-- Sonnet VII: Grandfather’s Oranges
-- Sonnet XXVI: What to Buy in a HK Metro Station
-- Girls, Girls, Girls Dancing on Tables, Eating Octopus
-- To the Person(s) Who Stole My Bicycle
-- Sometimes My Mother is a Child
-- shadowgraph 129: the behavior of the deep
-- grace notes (jazz triptych)
A Review of Jeramy Dodds'
Coach House Books 2017
By Benjamin C.utie Dugdale
When I first read crabwise to the hounds a few years ago I did not grasp its appeal or its track-record. Hearing Dodds read new(er) work ever before I read Crabwise, and the fun he was having seemed totally beyond what his earlier work had achieved, joyous & big & important. A few poets I have spoken with seem to find Crabwise more stylistically coherent than Dodds’ shiny new Drakkar Noir, but I disagree. What Dodds has produced here is both thematically & stylistically a wider and more lustrous diamond-caked spider-web than the earlier offering of Crabwise. DN’s “Kraagrawgeewan” is a (mis)translation of sorts from Raven-caw into poem, and it radiates a bit of silliness, but conversely implies a sense of hidden or unknowable language that other experiments and gags like “The Official Translation of Ho Chi Minh's August 18th, 1966, Telephone Call” in Crabwise, “'transliterated' from so-called CIA cassette tapes of a wire-tap” fail to approach; Crabwises’ experiment functioning as an arbitrary prod more than an actual interest in the results, tone, and effect of such experiments, how they occupy space in the larger collection; DN reads as a purposeful poetry collection, not just corralled works of great composition and momentum.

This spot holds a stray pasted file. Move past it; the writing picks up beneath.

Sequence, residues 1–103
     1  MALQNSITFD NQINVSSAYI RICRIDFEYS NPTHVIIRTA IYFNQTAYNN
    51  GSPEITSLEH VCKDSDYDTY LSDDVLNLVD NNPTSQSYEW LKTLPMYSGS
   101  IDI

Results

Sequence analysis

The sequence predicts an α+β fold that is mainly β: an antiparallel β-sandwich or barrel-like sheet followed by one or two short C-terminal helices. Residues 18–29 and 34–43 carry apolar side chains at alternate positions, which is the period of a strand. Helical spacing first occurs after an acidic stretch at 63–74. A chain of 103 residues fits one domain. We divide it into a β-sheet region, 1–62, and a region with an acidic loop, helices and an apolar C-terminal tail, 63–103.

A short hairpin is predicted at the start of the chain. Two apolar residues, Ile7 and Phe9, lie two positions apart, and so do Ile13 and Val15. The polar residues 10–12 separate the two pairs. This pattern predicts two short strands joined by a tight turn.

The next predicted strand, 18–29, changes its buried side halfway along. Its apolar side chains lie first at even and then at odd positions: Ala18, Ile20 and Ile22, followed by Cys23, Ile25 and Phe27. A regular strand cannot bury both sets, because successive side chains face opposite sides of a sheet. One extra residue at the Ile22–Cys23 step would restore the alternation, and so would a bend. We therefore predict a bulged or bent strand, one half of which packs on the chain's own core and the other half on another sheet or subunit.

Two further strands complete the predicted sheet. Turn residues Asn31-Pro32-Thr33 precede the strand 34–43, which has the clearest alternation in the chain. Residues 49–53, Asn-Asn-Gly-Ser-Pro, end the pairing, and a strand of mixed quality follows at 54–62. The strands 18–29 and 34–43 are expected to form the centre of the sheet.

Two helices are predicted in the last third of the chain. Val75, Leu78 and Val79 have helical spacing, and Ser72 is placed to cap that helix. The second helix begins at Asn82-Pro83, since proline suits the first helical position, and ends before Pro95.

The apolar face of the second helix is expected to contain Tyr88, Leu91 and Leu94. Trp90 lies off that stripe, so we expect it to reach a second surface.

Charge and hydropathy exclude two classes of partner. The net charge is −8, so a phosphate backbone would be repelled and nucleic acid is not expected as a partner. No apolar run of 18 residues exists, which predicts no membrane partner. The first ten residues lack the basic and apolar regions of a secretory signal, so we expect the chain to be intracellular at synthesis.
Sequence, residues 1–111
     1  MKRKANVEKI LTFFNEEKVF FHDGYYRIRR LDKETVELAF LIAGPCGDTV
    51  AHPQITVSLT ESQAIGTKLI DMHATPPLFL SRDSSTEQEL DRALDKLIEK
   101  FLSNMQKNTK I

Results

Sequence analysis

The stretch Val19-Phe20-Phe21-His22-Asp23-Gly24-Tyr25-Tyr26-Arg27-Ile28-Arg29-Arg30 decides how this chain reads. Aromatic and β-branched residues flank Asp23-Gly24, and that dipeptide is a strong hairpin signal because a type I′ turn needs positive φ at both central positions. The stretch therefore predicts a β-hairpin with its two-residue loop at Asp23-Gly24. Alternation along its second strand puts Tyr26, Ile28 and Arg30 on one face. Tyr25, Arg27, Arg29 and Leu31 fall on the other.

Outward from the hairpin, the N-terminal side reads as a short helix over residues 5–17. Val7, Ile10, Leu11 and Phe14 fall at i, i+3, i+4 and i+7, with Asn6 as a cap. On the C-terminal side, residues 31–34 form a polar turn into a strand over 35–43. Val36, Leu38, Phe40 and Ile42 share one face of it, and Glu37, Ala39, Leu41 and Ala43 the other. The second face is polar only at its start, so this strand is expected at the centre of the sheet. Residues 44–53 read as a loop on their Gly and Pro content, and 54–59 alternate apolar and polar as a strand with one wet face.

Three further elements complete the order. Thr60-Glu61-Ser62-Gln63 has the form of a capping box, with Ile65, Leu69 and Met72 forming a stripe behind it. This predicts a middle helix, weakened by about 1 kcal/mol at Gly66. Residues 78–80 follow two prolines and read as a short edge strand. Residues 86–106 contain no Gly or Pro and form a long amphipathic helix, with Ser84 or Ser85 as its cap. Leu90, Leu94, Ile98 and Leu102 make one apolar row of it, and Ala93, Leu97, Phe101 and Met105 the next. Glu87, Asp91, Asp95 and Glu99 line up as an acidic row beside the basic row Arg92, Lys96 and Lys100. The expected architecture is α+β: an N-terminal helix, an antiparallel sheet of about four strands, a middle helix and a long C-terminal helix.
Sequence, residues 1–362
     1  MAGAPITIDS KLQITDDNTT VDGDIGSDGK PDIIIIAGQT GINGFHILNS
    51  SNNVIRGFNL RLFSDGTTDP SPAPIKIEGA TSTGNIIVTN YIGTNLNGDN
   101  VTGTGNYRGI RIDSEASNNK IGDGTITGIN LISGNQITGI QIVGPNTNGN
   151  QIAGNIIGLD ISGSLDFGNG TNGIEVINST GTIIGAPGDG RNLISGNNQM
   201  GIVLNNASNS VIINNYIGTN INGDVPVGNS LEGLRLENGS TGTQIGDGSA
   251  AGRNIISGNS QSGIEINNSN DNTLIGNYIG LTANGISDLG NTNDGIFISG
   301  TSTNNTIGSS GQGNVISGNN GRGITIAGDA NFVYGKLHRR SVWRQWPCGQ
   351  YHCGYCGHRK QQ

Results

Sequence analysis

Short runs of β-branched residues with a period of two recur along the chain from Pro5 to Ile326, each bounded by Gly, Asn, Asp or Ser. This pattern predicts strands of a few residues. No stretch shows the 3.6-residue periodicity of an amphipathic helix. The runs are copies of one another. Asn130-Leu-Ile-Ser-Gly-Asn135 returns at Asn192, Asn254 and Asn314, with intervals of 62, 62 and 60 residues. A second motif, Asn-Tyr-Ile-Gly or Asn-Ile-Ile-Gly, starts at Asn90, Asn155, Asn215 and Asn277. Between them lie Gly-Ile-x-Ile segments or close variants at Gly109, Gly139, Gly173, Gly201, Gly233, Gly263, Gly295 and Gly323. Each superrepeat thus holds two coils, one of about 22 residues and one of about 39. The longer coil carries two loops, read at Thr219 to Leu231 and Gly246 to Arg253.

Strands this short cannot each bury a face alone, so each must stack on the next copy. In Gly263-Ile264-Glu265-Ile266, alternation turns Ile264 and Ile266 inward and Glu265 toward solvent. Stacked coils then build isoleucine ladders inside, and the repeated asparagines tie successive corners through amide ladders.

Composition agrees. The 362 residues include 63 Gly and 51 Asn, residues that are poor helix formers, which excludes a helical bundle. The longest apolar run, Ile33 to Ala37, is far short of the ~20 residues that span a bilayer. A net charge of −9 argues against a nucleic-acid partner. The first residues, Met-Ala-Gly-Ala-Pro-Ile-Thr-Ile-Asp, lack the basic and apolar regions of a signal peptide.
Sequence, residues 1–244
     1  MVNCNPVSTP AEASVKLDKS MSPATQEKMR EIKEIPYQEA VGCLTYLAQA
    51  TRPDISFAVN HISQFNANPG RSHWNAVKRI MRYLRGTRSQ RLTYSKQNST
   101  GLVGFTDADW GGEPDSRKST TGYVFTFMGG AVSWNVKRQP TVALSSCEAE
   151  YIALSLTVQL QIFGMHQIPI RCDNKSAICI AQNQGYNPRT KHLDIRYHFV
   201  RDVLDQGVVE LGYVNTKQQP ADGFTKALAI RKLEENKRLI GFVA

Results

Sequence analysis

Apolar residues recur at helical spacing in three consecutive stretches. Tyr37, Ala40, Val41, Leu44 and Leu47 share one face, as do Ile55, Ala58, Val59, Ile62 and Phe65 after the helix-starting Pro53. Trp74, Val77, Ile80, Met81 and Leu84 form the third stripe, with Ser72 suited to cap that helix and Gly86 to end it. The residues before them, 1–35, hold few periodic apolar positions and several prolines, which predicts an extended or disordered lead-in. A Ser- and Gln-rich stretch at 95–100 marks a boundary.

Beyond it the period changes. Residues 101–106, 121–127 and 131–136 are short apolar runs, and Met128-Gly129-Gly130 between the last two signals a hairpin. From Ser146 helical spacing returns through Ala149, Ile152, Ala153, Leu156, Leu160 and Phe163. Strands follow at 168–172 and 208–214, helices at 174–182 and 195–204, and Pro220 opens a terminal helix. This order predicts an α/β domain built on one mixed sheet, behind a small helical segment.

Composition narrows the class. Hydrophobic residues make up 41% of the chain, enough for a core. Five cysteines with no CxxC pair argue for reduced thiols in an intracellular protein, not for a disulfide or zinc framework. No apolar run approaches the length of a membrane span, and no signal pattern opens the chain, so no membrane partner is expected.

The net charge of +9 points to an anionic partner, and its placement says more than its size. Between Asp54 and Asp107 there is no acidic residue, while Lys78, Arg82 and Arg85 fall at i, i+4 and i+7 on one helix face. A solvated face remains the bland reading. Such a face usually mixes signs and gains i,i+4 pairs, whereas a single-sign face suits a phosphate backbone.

To be transparent, not all of that aforementioned ‘fun’ makes it onto the page in DN, and one might suspect much of the fun is generated by Jeramy's picaresque car-salesman personal charm in live readings, so shiny and waxed and buffed. Attending this most recent poetry-weekend in Fredericton, NB, I was made fun of by a few folks within earshot for wearing an obsolete badge for railroad-police, folks who referred to me as a "Doddsian fanboy." One might assume this teasing is prompted by my own maximal poetic tendencies, and perhaps in part Jeramy's iconic Sheriff badge that (I assume) remains fastened to the bleak overcoat that he parades around in thru winter. I did not approach these critics to point out that adjectivizing Dodds' name is giving him power that only serves to further chafe their opinion of him; I actually appreciate the idea of a Doddsian poetica, or a Doddsian-mode, though maybe it is just something about too many d's in a single word seem ggoodd poetry to my funny mouth. If Dodds’ style really is too-oft imitated—and with diminishing returns—in Canadian writing, is this itch to try on the Doddsian poetic-overcoat symptom of our desire for more exciting poetry, a desire to achieve the popularity and critical acclaim of Dodds’ work, or something else entirely? Is Dodds really at fault for these imitations? The entire line of questioning seems dimmed by blinders, NO FUN, and serves to martyr Dodds as the single weirdo doing fun stuff in poetry; he is one of many, certainly, but nowhere near the weirdest.